company based on the information and data they acquire during their employment at
Non-Compete Clause: Legal commitment by an employee not to work in the same industry as the employer after departing. The non-compete clause is meant to protect the employer from losses due to improper use of confidential information such as trade secrets, client lists and new product ideas. In some countries, non-complete clause are mainly unenforceable except in severe instances. In countries like the United Kingdom, employees must remain on the payroll during the period of the non-complete clause. (See also Garden Leave)
Non-disclosure agreement: This is a contract which prevents the bound individuals from sharing information about
the business of the other person.
Non-exempt employee: This is a category of employee that is entitled to minimum wage and overtime pay, as
is stipulated in the Fair Labor Standards Act.
Non-Solicitation Clause: Usually part of management employment agreements, preventing a departed employee from contacting the employer's customers or employees about any matter that may impact the employer's business in a harmful manner for a period of time.
Nontraditional employment: Nontraditional employment is a socioeconomic term used to define a specific profession or industry in which less than 25 percent of those employed within it are women. This situation can arise for a number of reasons. The position or industry in question simply might not hold as much personal interest for as many women as it does for men. However, many people argue that there are also regrettable situations in which those responsible for choosing new employees have either a bias against women or have an unwritten directive to give preference to male applicants. This ambiguity has prompted much legislation and investigation in the modern economy.
Executive Search: M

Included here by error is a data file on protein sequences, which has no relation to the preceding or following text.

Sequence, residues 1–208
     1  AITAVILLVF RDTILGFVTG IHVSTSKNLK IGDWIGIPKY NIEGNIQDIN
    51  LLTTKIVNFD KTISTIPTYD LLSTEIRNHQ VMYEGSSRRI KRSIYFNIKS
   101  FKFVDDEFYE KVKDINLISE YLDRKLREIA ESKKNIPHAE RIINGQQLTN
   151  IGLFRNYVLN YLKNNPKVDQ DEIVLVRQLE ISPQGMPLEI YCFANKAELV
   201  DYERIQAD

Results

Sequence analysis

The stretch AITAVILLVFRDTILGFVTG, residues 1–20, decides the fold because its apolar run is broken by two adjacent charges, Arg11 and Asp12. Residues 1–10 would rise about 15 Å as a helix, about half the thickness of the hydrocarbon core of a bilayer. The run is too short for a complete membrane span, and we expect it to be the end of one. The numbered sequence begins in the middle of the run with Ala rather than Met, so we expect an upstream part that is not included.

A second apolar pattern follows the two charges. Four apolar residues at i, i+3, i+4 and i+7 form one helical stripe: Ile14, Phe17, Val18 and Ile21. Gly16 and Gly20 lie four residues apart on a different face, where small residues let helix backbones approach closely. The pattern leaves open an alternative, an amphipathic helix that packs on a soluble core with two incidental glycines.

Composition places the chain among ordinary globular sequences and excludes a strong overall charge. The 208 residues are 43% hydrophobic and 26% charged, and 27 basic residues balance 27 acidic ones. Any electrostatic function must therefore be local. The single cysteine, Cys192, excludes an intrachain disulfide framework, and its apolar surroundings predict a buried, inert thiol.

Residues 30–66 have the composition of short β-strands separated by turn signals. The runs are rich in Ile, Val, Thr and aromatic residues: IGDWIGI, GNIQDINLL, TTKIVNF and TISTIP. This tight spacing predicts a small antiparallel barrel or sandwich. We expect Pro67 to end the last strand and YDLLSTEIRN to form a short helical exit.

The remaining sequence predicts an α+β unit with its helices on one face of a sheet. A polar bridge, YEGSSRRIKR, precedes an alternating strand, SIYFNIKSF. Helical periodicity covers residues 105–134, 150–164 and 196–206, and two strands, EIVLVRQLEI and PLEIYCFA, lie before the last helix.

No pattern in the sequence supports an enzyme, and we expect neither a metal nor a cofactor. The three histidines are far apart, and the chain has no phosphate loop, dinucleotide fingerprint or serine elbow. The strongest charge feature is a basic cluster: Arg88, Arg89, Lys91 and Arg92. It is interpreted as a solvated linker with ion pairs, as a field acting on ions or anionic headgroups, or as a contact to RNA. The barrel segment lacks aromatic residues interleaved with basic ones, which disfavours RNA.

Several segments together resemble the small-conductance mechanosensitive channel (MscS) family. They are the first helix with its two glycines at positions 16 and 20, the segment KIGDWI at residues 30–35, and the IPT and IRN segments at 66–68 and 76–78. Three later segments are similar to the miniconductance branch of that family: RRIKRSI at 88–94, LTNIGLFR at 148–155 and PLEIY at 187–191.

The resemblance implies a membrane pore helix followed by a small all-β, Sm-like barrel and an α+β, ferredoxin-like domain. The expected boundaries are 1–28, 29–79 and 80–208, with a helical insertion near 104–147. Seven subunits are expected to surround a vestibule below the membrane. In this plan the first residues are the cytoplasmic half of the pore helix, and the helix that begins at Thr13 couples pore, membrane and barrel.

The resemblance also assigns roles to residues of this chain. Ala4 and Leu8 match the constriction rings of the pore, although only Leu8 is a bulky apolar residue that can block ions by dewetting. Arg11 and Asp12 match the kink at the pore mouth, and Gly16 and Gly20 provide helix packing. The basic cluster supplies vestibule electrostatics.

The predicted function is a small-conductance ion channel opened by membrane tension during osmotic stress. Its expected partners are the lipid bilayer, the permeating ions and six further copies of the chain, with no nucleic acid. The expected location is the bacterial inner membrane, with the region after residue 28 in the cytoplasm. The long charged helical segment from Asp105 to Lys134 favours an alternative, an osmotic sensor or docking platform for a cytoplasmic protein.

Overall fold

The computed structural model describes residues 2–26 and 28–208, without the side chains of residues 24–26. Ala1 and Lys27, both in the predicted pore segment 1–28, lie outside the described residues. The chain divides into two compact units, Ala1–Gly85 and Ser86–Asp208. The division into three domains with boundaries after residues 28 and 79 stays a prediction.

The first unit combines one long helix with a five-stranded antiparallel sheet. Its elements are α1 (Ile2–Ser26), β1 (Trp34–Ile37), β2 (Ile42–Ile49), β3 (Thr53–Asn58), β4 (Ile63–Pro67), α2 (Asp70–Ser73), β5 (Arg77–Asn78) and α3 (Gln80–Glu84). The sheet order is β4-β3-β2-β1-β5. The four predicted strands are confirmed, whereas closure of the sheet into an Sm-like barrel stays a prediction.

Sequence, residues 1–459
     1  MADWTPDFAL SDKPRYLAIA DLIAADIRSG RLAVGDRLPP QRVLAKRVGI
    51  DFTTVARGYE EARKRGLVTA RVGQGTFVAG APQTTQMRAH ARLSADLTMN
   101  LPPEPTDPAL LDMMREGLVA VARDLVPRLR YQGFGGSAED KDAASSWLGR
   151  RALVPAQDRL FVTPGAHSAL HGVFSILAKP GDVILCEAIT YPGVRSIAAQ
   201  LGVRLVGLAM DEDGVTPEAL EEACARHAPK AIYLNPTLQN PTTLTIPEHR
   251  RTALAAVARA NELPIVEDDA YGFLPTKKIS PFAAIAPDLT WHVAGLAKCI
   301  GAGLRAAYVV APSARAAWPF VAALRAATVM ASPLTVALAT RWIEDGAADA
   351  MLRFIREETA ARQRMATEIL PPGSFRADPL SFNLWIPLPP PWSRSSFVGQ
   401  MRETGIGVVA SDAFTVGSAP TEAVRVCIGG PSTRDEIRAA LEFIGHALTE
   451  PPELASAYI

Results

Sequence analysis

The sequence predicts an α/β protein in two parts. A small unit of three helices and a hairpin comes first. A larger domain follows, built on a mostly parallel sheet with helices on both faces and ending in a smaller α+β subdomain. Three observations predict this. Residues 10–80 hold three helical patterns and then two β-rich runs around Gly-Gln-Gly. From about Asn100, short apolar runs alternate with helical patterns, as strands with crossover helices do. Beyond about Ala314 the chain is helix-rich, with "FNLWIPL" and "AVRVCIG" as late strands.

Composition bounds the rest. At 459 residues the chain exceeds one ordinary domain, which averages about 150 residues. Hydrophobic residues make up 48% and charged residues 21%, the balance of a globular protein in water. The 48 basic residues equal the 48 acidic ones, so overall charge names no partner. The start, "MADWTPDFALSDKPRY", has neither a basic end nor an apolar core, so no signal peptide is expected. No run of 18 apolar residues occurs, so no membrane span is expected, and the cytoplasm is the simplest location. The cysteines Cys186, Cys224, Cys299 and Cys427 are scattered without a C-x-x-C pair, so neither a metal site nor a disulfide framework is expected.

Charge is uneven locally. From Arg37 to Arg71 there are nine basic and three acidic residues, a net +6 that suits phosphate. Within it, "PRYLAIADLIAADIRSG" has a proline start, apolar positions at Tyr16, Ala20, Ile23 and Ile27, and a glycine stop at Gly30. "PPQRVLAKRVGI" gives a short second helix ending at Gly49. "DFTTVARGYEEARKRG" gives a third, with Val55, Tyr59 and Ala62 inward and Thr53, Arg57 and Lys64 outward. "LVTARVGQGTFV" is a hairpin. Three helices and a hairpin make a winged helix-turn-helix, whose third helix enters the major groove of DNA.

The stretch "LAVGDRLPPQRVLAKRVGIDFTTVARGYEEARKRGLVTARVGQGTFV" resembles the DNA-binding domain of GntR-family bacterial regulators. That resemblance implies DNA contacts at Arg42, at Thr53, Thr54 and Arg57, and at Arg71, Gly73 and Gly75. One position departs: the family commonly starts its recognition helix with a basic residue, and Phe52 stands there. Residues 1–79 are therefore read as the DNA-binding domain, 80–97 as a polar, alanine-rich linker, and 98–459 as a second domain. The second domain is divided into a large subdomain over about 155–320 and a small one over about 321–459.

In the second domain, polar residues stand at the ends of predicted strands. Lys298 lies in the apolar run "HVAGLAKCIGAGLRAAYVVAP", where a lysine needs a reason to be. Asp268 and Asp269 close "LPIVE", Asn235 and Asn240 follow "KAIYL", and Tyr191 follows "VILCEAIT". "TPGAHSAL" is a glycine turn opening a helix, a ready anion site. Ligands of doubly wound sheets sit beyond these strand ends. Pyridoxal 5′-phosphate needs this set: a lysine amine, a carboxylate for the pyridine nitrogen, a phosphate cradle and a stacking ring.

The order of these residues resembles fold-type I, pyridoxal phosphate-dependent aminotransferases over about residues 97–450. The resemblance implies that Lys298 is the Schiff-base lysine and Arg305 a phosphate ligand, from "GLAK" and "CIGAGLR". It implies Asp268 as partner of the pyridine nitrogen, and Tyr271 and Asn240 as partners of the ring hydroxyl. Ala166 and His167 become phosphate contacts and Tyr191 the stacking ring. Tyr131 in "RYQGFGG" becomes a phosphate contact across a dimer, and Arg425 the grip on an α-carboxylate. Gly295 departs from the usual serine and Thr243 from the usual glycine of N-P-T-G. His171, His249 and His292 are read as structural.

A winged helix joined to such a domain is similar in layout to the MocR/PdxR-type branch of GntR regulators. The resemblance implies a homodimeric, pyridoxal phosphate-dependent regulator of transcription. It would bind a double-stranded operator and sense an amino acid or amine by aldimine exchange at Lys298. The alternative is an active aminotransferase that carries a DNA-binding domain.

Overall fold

Mail Merge: most often used to print or email form letters to multiple recipients. Using Mail Merge, you can easily customize form letters for individual recipients.
Managed Service Provider (MSP): An MSP is an outsourced company that manages their clients’ temporary staffing programs.
MSPs provide a small team of recruiters or coordinators who manage all the requirements to ensure a smooth operation. This team will use a vendor management system (VMS), which is a technical platform, to run the program.
Large organizations that hirethousands of contractors and hundreds of staffing agencies typically MSPs.
Manager: Managers oversee a set of activities and are accountable for their successful execution. A manager usually supervises other employees.
Mandatory Retirement Age Law of 1978: The Mandatory Retirement Age Law of 1978 is a statute that was enacted by congress to protect aging workers against discrimination. Under this law, most firms are prohibited from requiring employees to retire before they reach 70 years of age. Certain industries are exempted for public safety reasons. Under FAA regulations, airline pilots must retire by age 65. Prematurely forcing a worker to retire has many negative outcomes. Removing a source of income can damage the financial retirement plans of an employee, and it is often too difficult for older workers to find work again after a layoff. The law also encourages firms to invest in an employee’s entire career instead of focusing on only the initial period of the work relationship.